Bustleman’s Holiday

I recently had a few weeks off work, and mostly did a good job of staying away from my computer. However, I couldn’t resist putting in a few hours to release Bustle 0.8.0, someone’s favourite D-Bus profiler. Get it on Flathub today!

Screenshot of Bustle 0.8.0's About dialog. “Someone's favourite D-Bus profiler”
I never have clarified whose favourite D-Bus profiler it is…

The main user-facing change is a great new icon, designed and drawn by Tobias Bernard. (Unfortunately the Flathub website still shows the old one for CDN cache reasons, but you can feast your eyes above or in your favourite app centre.)

I also rewrote some parts of the app from Haskell to C. In particular, it no longer uses the Haskell D-Bus implementation and libpcap binding, instead using GDBus and GVariant (via some minimal hand-written FFI bindings) and some mostly-existing C code, respectively. Me circa 2008 would be horrified to learn that I’ve done this, and me circa 2020 is sad to be introducing more unsafe code, but the net result is a smaller app with way fewer transitive dependencies.

Why can’t it use GDBus via GObject Introspection, you ask? GLib didn’t have a D-Bus implementation in 2008, and there was no GObject Introspection support for Haskell. These days, bindings for Gio etc. generated via GObject Introspection exist, but migrating Bustle to these would amount to a rewrite, and I don’t have the time or stomach for that. (These libraries all have my name on them because I made a small start at the generator back in 2011 with the express goal of using them in Bustle, but I’d be amazed if any of my work is still present.)

I’ve been fortunate to have had a dozen or so contributors to Bustle over the years, but it’s certainly true that my choice of implementation language has been a big barrier to entry for other contributors. I maintain that it was not a bad choice in and of itself for a weekend project: in 2008, a time before GObject Introspection was widely available, the Haskell GTK and Cairo bindings were unusually thorough and well-written and allowed me to write concise code and iterate quickly. But going against the grain of the community has a cost: the intersection of “Haskell programmer”, “D-Bus expert” and “GNOME enthusiast” is a very small set, and I know several people personally who were interested in contributing until they saw the language.

Why C rather than Rust, you ask? If you want to try to glue Cabal, Cargo and C together, be my guest.

(In case the joke in the title doesn’t translate outside the UK: busman’s holiday on Wiktionary.)

Bustle 0.2.3: now with pairs of D-Bus traffic charts side-by-side

I just released Bustle 0.2.3. The notable improvement is that you can now view a pair of D-Bus traffic logs side-by-side on the same chart. So if you’ve taken a trace of the session bus and the system bus, and want to see how the bus traffic matches up on the two, this is the release you’ve been waiting for! (If not, well, I made the ugly pink lines a more tasteful grey, and fixed some bugs you never noticed.)

While I was refactoring to support the second log, I would have liked to have been able to run Bustle in a “batch” mode to render straight to a file, and then run some kind of visual diff tool to compare the output of the branch versus the last release. Coincidentally, when I opened my inbox, I found a mail requesting the same feature! I imagine that this could come in handy for producing automated reports: maybe you’d have a weekly cron job that produces some stats about the traffic using bustle-count and, if it goes significantly up or down, sends an email to tick off or congratulate the relevant team as appropriate with an attached diagram. ;-) If anyone fancied having a crack at this, it shouldn’t be too hard.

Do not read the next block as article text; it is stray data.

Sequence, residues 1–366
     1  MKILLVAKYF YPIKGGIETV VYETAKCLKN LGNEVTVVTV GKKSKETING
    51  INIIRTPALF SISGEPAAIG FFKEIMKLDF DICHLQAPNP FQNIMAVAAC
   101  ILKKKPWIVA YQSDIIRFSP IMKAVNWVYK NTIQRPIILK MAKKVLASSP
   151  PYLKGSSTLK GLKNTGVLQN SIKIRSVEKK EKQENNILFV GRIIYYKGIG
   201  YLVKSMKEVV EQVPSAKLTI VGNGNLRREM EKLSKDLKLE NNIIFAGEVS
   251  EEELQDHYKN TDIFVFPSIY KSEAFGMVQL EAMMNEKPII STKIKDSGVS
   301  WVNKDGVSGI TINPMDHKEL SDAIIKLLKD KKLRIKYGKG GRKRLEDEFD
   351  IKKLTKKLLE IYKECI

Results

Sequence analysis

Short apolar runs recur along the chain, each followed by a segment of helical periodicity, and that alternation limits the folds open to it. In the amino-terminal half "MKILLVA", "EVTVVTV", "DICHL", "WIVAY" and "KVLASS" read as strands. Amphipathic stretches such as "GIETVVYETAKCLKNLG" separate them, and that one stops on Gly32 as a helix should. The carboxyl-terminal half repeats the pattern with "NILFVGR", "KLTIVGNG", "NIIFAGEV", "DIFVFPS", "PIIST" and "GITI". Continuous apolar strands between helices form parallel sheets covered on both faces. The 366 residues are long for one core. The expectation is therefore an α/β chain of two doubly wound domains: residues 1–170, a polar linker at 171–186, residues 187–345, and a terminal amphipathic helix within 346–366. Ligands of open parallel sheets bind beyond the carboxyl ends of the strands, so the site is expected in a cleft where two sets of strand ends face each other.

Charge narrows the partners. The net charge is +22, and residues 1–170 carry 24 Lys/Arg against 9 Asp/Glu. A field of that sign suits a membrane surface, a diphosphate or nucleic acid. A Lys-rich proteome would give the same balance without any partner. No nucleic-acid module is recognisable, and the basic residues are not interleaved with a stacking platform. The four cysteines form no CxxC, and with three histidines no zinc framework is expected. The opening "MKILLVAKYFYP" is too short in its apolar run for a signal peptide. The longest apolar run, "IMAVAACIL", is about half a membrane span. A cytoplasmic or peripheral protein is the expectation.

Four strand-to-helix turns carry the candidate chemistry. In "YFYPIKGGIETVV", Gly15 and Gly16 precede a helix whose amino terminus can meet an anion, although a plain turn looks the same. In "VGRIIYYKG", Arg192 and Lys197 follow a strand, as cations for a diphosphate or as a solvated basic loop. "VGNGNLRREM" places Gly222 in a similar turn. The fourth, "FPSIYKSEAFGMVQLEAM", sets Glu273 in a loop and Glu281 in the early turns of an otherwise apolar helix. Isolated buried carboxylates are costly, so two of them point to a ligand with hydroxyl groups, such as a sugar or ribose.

Bustle 0.2.1

A couple of days ago, I released version 0.2.1 of Bustle, someone’s favourite D-Bus profiler. As the version number suggests, there aren’t really any big new features; most of the changes just make it a bit nicer to use, like showing you all the bus names a service owns, ellipsizing strings, a slightly less spartan UI, etc. Having finally gotten around to cutting a release, I’ve started wondering what to work on next. There are various small things I have in mind, such as searching, filtering, integrating the various statistic tools (bustle-time and friends) into the UI, and so on, but it’d be nice to have a larger goal to work towards.

One recurring feature request is the ability to see messages’ arguments. This isn’t currently possible because the simple plain-text logs produced by the monitor (which is a variation on the theme of dbus-monitor --profile) only includes the message header. I’ve thought for a while that the right thing to do would be to log the raw dbus messages, together with a timestamp, but wasn’t sure what the files would look like. (Maybe shove the timestamps into the message headers?) Rob had a nice idea: why not log to pcap files? This avoids inventing a new format—the UI would just use libpcap and feed each message through the dbus parser—and would also let you look at the logs in WireShark, if you’re into that kind of thing. I’m hoping to find some time to give this a shot soon. (Maybe on a cold Christmas evening, in front of a fire?)

In the meantime, have a peek at what your D-Bus-using applications are up to, and let me know what’s missing!